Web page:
22 June 2010

Article: Turkey, from Ally to Enemy

Michael Rubin's article "Turkey, from Ally to Enemy" will be published in the July/August 2010 issue of the neoconservative American-Jewish monthly magazine "Commentary". The article has already been put up online.

The full text of the article can be read free of charge here:


Excerpts: "Turkey has changed. Gone, and gone permanently, is secular Turkey, a unique Muslim country that straddled East and West and that even maintained a cooperative relationship with Israel. Today Turkey is an Islamic republic whose government saw fit to facilitate the May 31 flotilla raid on Israel's blockade of Gaza. Turkey is now more aligned to Iran than to the democracies of Europe. [...] The story of Turkey's Islamic revolution is illuminating. It is the story of a charismatic leader with a methodical plan to unravel a system, a politician cynically using democracy to pursue autocracy [...]. For Prime Minister Recep Tayyip Erdogan, it is a dream come true. For the next generation of American presidents, diplomats, and generals, it is a disaster. [...]

"Mustafa Kemal Ataturk founded the Republic of Turkey and [...] charged the army with defending the state from those who would use Islam to subvert democracy. [...] Erdogan's strategy was multi-tiered. He endorsed the dream of Turkey's secular elite to enter the European Union but only to rally European diplomats to dilute the role of the Turkish military as guardians of the constitution. [...] His ideological constituents had no interest in Europe, and Erdogan himself is intolerant of European liberalism and secularism. [...] He sought to revolutionize education, dominate the judiciary, take over the police, and control the media. Erdogan worked to achieve not short-term gains on hot-button issues like the headscarf but rather a long-term cultural revolution that, when complete, would render past battles moot. [...]

"The real coup against democracy, however, came on July 14, 2008, when a Turkish prosecutor indicted 86 Turkish figures – retired military officers, prominent journalists, professors, unionists, civil-society activists [...] – on charges of plotting a coup to restore secular government. [...] The indictments had a chilling effect across society. Turks may not like where Erdogan is taking Turkey, but they now understand that even peaceful dissent will have a price. [...] Nor can liberal Turks rely on the Turkish military to save them. Bashed from the religious right and the progressive left, the Turkish military is a shadow of its former self. [...] A decade ago, Turks saw themselves in a camp with the United States, Western Europe, and Israel; today Turkish self-identity places the country firmly in a camp led by Iran, Syria, Sudan, and Hamas. Turkey may be a NATO member, but polls nevertheless show it to be the world's most anti-American country [...].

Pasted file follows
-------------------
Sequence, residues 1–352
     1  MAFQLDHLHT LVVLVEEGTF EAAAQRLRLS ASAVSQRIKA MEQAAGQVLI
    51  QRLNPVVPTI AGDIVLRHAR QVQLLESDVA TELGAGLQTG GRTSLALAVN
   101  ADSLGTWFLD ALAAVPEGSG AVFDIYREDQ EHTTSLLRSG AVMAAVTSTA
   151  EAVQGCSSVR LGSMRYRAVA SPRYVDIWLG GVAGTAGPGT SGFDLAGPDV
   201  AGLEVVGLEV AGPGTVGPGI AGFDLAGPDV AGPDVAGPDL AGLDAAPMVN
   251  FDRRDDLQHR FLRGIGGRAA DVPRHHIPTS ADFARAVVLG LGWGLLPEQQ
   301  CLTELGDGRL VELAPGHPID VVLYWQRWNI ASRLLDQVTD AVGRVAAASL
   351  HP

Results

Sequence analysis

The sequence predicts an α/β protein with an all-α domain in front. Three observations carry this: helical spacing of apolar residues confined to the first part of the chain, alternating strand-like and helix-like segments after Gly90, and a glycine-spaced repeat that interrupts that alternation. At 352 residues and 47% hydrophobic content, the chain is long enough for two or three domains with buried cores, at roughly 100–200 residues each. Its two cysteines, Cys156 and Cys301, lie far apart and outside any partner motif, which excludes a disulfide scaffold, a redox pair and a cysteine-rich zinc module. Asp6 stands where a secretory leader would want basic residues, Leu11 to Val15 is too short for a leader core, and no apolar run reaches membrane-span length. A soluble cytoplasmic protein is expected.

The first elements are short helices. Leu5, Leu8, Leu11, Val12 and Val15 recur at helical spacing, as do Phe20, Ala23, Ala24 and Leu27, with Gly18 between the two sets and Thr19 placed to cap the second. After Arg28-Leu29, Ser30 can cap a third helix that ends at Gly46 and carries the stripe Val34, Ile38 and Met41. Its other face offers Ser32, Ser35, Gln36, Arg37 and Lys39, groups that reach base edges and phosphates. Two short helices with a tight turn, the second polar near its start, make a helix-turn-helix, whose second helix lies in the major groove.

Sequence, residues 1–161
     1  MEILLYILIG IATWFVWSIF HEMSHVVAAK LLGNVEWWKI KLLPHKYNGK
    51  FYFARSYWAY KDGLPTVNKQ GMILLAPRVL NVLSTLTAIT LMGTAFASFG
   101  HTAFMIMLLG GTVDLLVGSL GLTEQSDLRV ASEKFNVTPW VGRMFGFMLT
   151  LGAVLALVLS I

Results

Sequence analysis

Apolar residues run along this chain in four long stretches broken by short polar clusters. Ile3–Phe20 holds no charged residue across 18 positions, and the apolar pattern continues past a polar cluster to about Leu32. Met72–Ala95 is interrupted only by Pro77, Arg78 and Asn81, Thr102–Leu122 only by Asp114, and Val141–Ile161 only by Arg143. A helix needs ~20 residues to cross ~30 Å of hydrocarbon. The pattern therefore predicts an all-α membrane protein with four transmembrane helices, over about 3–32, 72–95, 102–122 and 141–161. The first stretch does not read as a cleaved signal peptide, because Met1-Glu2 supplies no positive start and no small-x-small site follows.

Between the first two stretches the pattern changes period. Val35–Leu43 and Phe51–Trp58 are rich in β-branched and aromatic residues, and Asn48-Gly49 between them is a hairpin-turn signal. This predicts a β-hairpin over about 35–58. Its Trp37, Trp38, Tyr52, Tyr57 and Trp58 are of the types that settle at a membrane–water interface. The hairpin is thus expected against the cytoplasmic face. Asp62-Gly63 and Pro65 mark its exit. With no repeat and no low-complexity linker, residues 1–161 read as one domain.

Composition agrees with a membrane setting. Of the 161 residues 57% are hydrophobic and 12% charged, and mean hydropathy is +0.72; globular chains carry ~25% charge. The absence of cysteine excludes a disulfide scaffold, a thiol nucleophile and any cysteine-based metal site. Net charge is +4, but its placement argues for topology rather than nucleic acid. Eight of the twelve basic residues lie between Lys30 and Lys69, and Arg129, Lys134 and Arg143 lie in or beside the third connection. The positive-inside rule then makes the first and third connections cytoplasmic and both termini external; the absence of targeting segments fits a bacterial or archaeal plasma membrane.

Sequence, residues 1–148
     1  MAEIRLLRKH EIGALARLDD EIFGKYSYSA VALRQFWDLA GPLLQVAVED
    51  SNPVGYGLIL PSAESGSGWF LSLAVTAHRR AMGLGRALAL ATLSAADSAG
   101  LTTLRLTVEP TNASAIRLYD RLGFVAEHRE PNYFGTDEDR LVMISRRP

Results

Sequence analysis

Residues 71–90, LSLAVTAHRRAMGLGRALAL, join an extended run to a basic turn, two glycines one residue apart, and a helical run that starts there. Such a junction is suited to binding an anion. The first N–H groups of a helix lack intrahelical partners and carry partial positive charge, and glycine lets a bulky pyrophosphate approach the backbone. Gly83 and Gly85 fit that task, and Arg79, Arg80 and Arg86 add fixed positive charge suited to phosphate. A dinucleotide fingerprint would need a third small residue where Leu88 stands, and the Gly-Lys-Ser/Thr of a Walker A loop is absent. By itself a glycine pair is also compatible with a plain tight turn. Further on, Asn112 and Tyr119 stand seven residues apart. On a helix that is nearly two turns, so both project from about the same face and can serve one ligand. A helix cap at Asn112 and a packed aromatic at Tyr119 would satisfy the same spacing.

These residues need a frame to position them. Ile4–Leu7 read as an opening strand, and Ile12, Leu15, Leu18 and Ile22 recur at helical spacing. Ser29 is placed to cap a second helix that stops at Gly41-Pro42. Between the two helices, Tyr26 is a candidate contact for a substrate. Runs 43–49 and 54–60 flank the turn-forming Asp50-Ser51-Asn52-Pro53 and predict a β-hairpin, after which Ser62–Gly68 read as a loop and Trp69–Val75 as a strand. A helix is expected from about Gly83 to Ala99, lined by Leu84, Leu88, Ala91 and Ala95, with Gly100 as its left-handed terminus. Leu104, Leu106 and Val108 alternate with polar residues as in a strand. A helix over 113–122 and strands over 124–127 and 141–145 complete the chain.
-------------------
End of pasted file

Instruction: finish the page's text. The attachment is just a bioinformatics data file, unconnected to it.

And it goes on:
"Many diplomats and journalists inserted into this situation their own disdain for any military, let alone Turkey's, and embraced a facile dichotomy in which Islamism and democracy represented one pole, while the military, secularism, and fascism represented the other. Hence, they saw the AKP [Erdogan's Justice and Development Party] as democratic reformers, while the military became defenders of an anti-democratic order. Certainly, the healthiest democracies have no room for the military in domestic politics, but by cheering the AKP as it unraveled the military's role in upholding the constitution without simultaneously constructing another check on unconstitutional behavior, the European Union and Western diplomats paved the way for Erdogan's soft dictatorship. [...] As mayor of Istanbul, Erdogan quipped, 'Democracy is like a streetcar. When you come to your stop, you get off.' Perhaps, in hindsight, the West's mistake was to ignore the danger of Erdogan's ascendance into the driver's seat."

Michael Rubin is a Senior Lecturer at the Naval Postgraduate School's Center for Civil-Military Relations and a Resident Scholar at the American Enterprise Institute.

No comments:

Post a Comment